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The Open Syllabus: A Practical Guide to Open Pedagogy in Your Course


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The Open Syllabus: A Practical Guide to Open Pedagogy in Your Course

  1. 1. Opening Your Syllabus Robin DeRosa This work is licensed under a Creative Commons Attribution 4.0 International License.
  2. 2. OER Pedagogical Drivers Support Learning concrete ways to incorporate open pedagogy into your teaching
  3. 3. Open Pedagogy  Community and collaboration over content.  Connects the university with the wider public.  Treats education as a learner- developed process.  Is skeptical of hoops, products, end-points, experts, & gatekeeping.
  4. 4. Syllabus: Key Components Required Texts Learning Outcomes Schedule of Work Assignments Grading Criteria
  5. 5. Required Texts money can’t buy learning
  6. 6. Required Texts When you use OER, you change the relationships among you, your students, and your course materials. Non-OER OER Bundesarchiv, Bild 183-54440-0001 / CC-BY-SANenyedi CC BY-SA 3.0
  7. 7. Example of OER Interaction  Project Management (Business/Instructional Design)  Critical Theory (English) Class Blog: Students Help Each Other
  8. 8. Learning Outcomes rethinking beginnings and endings
  9. 9. What message does it send that we routinely craft ALL of our course learning outcomes and objectives before a single student is in the course? What message does it send that we routinely delete ALL of the student content out of our LMS at the end of each semester? CCBYNCND txmx2
  10. 10. Curricular Map CC BY SA: EMC, Central Michigan U - /File:Nutrition.gif
  11. 11. The Rhizome
  12. 12. The Rhizome “The rhizome pertains to a map that must be produced, constructed, a map that is always detachable, connectible, reversible, modifiable, and has multiple entryways and exits and its own lines of flight.” ~Deleuze & Guattari
  13. 13. TechnoRhizomatic Image by Daniel Lynds, @daniellynds
  14. 14. Beginnings& Endings? OnlyMIDDLES! CCBYNCND Andrew Purdam
  15. 15. “We haven’t been nearly imaginative enough with outcomes. I want outcomes like for us to have an epiphany or for students to do something I couldn’t anticipate.” ~Jesse Stommel 5 Minute Brainstorm tweet to #USNHshare A learning outcome that honors student contributions. R e m i x e d b y m e
  16. 16. Schedule of Work collaborative content
  17. 17. Schedule of Work Function of CONTENT: for students to learn to identify what matters to them. The shelf-life of discipline-specific content is short. The shelf-life of learner-centered inquiry is forever. CC BY Gayle Nicholson
  18. 18. CONTENT as Dynamic “The amount of knowledge in the world has doubled in the past 10 years and is [now] doubling every 18 months…To combat the shrinking half-life of knowledge, organizations have been forced to develop new methods of deploying instruction.” ~Cathy CCBY Kevin Dooley
  19. 19. Schedule of Work Collaborative Drafting  What do students want to learn?  Brainstorming in groups.  Essays about why they are taking the course.  Choosing textbook together.  Choosing from content lists.  Students schedule assignments, craft assignments, choose from multiple options.CC BY SA 2.0 Rob Newman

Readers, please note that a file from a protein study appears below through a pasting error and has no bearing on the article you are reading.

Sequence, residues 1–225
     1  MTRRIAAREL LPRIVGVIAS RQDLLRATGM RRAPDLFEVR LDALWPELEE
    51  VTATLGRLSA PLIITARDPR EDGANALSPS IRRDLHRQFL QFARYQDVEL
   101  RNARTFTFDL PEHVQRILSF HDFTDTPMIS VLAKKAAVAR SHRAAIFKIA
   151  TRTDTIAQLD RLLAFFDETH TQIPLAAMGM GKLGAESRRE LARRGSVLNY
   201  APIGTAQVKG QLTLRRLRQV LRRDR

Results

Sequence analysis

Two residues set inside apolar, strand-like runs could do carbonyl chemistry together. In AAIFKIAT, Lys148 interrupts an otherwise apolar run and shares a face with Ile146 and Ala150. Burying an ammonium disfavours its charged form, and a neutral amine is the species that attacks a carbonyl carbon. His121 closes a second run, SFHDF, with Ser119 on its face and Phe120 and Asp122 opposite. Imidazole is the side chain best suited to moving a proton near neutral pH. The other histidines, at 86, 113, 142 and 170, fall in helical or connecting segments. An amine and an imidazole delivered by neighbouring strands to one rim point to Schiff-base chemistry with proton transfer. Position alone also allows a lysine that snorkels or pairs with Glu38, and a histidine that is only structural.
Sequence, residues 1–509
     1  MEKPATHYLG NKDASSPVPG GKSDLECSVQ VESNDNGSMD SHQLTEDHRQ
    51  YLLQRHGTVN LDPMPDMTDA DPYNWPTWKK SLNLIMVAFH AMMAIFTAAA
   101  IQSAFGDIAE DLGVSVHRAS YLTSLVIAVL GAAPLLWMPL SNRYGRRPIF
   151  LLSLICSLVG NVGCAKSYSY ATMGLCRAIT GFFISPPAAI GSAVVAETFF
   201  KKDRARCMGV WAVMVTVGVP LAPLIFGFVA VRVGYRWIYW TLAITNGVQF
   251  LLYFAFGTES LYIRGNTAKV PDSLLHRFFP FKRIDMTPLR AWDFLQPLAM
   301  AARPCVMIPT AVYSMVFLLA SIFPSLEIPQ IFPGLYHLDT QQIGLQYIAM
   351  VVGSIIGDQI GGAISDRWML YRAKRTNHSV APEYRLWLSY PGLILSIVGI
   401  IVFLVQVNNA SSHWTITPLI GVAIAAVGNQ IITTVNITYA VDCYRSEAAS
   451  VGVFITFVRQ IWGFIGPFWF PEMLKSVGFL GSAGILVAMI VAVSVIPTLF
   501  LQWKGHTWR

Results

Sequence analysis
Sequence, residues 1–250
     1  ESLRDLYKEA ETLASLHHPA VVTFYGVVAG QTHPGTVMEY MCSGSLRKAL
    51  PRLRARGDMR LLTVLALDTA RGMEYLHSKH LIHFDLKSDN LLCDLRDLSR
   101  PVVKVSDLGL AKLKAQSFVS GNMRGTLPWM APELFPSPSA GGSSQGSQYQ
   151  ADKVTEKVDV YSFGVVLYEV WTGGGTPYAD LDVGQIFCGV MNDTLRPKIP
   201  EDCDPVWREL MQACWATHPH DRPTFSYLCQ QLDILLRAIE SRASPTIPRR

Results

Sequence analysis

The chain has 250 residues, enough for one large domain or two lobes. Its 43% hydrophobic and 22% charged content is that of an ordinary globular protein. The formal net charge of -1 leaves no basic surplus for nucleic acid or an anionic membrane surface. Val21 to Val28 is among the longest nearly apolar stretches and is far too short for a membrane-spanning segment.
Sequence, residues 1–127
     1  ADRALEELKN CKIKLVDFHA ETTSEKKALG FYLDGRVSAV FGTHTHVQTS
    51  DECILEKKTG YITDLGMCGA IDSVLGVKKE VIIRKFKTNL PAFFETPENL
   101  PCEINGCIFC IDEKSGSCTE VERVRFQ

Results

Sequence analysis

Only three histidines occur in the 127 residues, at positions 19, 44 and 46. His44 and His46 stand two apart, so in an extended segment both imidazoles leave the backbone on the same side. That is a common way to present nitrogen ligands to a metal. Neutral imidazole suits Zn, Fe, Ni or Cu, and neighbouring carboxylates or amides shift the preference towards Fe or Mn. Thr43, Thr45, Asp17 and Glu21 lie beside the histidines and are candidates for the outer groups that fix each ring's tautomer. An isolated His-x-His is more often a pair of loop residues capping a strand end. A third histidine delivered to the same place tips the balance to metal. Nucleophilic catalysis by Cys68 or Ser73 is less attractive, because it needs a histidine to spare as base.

20. 20. Assignments hoopless in Seattle
  21. 21. Some ideas from Peter Suber: Open Assignments Eliminate disposability Make use of OER Engage course with public Empower students to contribute Leverage digital networks Contribute to greater good CC BY Oakley Orginals
  22. 22. Blogs & Wikis Blogs  Bust out of your LMS!  The value of audience  Ability to involve their immediate communities  Globalizing learning  Sharing learning practice  Developing digital citizenship Wikis  Link collaboration to research  Emphasize writing as a process  Engage with real-world problems  Increase access to knowledge  Diversify knowledge  Non-disposable research papers
  23. 23. Blogs & Wikis Blogs  Individual blogs that can be continued after the class.  Class blogs that can roll over to the next semester.  Class blogs as OER. Wikis  Google Docs for peer workshops.  Wikipedia  Editing existing entries.  Adding new entries.
  24. 24. Other Open Ideas  (DON’T FORGET THAT OER!)  Twitter: recursive class hashtags  Curation  Social media collections (Storify)  Virtual museums  Mapping
  25. 25. Emotions of London Stanford University
  26. 26. Grading open assessment ideas
  27. 27. Grading  Training peer graders like we train standardized test graders (the @Chris_Friend model)  Open p2p Badges (the BC Campus model)  Grading by contract and crowdsourcing (the @CathyNDavidson model)  Grading by guided, frequent self-evaluation (the @Jessifer model)  Grades that emphasize effort/engagement (the @davecormier model) “Every study of peer review among students shows that students perform at a higher level, and with more care, when they know they are being evaluated by their peers than when they know only the teacher and the TA will be grading” ~Cathy N. Davidson
  28. 28. Course Description the changing definition of “course”
  29. 29. What is a COURSE?  No longer a closed set of enrollees  No longer clear division between teacher and students  No longer set start and end points  No longer stable content from section to section or semester to semester  No longer aimed at measuring learning  Proprietary  Open to the public(s)  Collaborative learners  Students bring experiences in and continue learning afterwards  Content responds to learners and contexts  Aimed at engagement, inquiry, dialogue
  30. 30. OPEN Your Syllabus Describe your “course” in open terms Create open/rhizo outcomes Collaborate on your schedule Engage with students on OER Create open assignments Open your grading processes Help the course transcend its own ending
  31. 31. Q & Q CC BY